Economists and activists are urging Indonesia not to overlook climate change in its poverty reduction efforts amid the COVID-19 pandemic, as looming climate crises could exacerbate poverty in the long run.
China and Indonesia have agreed to work more closely together to fight Covid-19 as Beijing on Friday sought to bolster ties with a regional neighbour through what some analysts are calling “vaccine diplomacy”.
A new AIC study by Universitas Hasanuddin, Monash University and University of Melbourne will look at the ‘shadow pandemic’ affecting women and men living with a disability in South Sulawesi.
The national government’s inaction sits in stark contrast to sub-national governments who responded relatively quickly, initiating large-scale movement restrictions and social safety nets.
As men, especially in formal sectors, lose their jobs, many wives are going back to work, doing whatever they can do, including making cakes or selling food products online.
Research led by UWA has revealed that human activity has created a breeding ground for viruses such as COVID-19, and there may be an even deadlier pandemic on the horizon.
An AIC research program looks into the challenges that face rural young people in South Sulawesi forced to return home due to COVID-19.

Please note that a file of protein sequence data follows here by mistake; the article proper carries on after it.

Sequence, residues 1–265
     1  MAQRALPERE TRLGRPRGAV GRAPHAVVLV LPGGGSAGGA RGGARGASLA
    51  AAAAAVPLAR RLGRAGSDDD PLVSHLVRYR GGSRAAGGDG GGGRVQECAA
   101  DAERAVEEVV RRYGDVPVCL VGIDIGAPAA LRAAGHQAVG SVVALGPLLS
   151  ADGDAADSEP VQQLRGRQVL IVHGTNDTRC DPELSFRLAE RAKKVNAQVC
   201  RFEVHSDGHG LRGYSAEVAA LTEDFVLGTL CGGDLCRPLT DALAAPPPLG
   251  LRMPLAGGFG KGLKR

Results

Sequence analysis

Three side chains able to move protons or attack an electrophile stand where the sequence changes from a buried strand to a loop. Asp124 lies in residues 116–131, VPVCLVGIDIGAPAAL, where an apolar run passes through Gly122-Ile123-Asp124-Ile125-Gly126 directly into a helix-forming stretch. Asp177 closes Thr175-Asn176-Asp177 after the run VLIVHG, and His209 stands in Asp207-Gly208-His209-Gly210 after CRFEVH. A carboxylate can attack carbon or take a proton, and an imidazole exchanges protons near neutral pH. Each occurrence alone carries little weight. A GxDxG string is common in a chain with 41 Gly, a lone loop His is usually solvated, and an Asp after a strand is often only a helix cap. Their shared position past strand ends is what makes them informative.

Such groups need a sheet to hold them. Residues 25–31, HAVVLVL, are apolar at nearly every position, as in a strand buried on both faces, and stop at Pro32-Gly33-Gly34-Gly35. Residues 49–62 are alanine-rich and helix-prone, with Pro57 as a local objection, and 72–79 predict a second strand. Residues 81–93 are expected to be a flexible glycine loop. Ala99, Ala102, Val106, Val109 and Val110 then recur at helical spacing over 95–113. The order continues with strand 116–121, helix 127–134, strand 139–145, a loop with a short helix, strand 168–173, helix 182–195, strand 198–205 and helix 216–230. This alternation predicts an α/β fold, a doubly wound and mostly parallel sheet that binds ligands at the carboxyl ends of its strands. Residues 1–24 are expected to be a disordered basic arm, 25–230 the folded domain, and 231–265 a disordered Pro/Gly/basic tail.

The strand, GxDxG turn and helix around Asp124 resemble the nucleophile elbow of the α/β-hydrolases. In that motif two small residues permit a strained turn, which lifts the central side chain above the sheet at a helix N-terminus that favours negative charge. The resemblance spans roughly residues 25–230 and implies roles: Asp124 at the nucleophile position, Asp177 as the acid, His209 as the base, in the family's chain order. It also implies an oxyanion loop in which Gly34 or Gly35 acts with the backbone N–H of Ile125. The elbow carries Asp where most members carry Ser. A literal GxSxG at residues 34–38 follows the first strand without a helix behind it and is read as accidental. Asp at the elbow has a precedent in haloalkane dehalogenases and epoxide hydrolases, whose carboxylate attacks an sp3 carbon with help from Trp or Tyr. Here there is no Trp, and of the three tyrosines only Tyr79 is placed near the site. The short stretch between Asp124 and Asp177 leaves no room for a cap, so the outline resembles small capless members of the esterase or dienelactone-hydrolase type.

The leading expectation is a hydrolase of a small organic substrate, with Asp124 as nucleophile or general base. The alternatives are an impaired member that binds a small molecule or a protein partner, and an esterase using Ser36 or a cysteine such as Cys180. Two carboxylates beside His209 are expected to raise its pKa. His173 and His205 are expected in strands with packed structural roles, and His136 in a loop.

Amid exacerbated systemic social and economic inequalities, there is renewed interest in sustainable investing and creating positive change for the world’s poorest.
“We’re now seeing cases emerge mostly from offices. That’s why, for the PSBB starting on Sept. 14, our main focus will be on restrictions in office areas,” said Governor Anies Baswedan.
New research will help governments grappling with the impossible decision of choosing health or the economy whilst both are in crisis.
The Eijkman Institute for Molecular Biology has reported that a mutation of the coronavirus that has been deemed more infectious than the original strain found in Wuhan, China, has been detected in Indonesia.
Indonesia reported 2,657 new cases on Thursday, a 43 percent increase on its previous single-day record of 1,853 new cases.
A North Jakarta resident recalled how some of her neighbours shut themselves in when COVID-19 swab tests were being administered in June.
“We are running out of time to save the economy,” said Rosan Roeslani, chairman of the Indonesian Chamber of Commerce and Industry. “The government’s stimulus spending is super slow.”
The bike craze has led to a surge in sales of new and secondhand bikes and an increase in demand for bike repairs.